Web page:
Jumping off Mostar Bridge - Bosnia.

Jumping off Mostar Bridge - Bosnia.
Comments

A super painting, i like the colours used here, the water is excellently done. A very good gallery.

Nearly missed this, thanks to so many recent postings; agree with Stephen. Is this the bridge that was destroyed in the recent war and then rebuilt, or is my memory its usual faulty self? Great sense of scale and size in your painting.

Yes you are right Robert. I've now put all the info under the picture.

Hang on Studio Wall
31/03/2015
0 likes
1.473k views

The Mostar Bridge was a very famous and historical bridge before its destruction in 1993 during the war in Bosnia and Hercegovina (part of the former Yugoslavia). The elegant bridge spans the River Neretva and was designed by the Ottoman (Turkish) architect Mimar Hayruddin. It was completed in 1566 after nine years of building and the surrounding town became a thriving trading centre. The bridge is 29 metres in length and stands at a height of 20 metres, a classic example of a single span, stone arch bridge.It was an example of advanced technology in its time. It became a World Heritage site during the twentieth century. After the war it was re-built exactly as before from the original white limestone and was re-opened by the Prince of Wales in 2003. The person jumping off is NOT committing suicide! During the summer months young men jump off the bridge for the tourists. They collect money from the crowd and, when they think they have collected enough, they jump off the bridge into the river Neretva below. When I was there painting this picture there was a jump about every half hour. No-one got hurt. They surfaced, swam to the side and sometimes went back up to the top of the bridge to do it again. Apparently it takes a great deal of training to be able to do this jump.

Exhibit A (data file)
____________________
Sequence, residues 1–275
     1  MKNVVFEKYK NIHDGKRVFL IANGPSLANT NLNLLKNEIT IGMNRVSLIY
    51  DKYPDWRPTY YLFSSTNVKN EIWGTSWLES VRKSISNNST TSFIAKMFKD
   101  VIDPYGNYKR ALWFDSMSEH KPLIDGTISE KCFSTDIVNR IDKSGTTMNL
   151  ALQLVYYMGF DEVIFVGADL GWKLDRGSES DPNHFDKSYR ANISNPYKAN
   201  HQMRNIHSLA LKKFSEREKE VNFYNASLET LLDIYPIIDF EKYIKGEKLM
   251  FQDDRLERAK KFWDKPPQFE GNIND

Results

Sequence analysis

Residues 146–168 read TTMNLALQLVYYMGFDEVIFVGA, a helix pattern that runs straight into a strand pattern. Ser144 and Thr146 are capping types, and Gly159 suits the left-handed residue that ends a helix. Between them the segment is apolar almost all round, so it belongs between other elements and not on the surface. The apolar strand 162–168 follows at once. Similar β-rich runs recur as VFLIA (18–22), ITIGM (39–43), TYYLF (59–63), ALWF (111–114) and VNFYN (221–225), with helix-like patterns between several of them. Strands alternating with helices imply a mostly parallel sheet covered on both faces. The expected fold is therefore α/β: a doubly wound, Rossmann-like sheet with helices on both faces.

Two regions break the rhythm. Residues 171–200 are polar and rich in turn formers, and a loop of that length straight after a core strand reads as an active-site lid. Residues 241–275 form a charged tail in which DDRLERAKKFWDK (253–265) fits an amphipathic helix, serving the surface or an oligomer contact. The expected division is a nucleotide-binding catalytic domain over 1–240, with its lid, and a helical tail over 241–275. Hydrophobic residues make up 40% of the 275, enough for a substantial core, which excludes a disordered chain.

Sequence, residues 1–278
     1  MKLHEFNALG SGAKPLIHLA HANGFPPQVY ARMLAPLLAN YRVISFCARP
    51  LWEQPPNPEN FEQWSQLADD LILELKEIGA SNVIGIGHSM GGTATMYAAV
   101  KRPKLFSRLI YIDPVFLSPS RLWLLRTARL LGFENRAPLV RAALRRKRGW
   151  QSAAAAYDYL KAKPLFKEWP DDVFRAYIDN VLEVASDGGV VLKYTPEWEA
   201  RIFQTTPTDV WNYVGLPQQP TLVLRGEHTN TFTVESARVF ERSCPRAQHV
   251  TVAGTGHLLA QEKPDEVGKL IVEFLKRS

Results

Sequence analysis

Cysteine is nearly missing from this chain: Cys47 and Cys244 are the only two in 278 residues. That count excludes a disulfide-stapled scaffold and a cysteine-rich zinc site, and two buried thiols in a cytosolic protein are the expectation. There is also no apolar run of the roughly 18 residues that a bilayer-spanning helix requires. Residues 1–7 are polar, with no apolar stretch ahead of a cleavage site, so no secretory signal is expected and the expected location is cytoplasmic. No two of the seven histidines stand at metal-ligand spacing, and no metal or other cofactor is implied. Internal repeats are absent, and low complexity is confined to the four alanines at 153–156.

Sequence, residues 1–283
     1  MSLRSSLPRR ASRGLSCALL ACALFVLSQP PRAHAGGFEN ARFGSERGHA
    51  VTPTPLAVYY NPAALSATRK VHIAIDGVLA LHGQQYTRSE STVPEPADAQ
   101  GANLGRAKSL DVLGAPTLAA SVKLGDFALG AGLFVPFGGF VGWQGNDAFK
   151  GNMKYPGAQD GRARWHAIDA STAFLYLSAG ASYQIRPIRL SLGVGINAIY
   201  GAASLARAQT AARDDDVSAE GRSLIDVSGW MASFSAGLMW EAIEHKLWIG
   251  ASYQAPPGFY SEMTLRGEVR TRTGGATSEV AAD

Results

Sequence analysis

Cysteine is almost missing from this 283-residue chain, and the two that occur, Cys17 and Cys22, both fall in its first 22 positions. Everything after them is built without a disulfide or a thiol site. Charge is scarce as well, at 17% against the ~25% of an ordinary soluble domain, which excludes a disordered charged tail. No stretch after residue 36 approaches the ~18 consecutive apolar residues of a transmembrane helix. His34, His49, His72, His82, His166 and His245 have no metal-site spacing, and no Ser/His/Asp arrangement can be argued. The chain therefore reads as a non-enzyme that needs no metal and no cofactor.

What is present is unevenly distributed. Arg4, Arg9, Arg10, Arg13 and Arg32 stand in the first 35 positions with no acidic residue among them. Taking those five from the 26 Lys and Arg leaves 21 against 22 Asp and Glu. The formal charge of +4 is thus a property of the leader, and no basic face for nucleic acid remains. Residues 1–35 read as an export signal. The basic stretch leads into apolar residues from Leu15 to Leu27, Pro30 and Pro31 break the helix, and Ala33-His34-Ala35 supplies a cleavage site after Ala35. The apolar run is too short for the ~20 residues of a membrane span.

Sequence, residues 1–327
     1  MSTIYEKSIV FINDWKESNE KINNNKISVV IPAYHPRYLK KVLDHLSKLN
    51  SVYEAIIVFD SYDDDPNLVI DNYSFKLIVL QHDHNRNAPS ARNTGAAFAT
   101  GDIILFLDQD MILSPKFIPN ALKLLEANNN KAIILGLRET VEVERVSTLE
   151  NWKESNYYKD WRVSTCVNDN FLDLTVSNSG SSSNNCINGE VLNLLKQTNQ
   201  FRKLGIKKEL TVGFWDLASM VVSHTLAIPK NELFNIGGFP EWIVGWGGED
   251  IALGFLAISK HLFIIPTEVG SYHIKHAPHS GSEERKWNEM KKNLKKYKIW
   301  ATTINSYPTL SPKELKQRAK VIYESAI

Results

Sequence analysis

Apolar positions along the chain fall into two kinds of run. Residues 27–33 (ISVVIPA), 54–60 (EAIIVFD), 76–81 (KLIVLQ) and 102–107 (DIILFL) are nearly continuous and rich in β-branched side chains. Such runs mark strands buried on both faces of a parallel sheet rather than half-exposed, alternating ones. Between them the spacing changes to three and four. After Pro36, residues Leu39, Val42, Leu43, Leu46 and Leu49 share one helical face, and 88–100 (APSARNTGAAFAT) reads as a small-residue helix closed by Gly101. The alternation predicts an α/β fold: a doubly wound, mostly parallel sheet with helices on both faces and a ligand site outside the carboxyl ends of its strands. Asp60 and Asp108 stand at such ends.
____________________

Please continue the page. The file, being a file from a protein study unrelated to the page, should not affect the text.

About the Artist
Margaret Ellis

A professional artist and art tutor. Also a Prifessional Associate and demonstrator for the SAA. Lives in Sheffield, South Yorkshire, on the edge of the Peak District National Park.

More by Margaret Ellis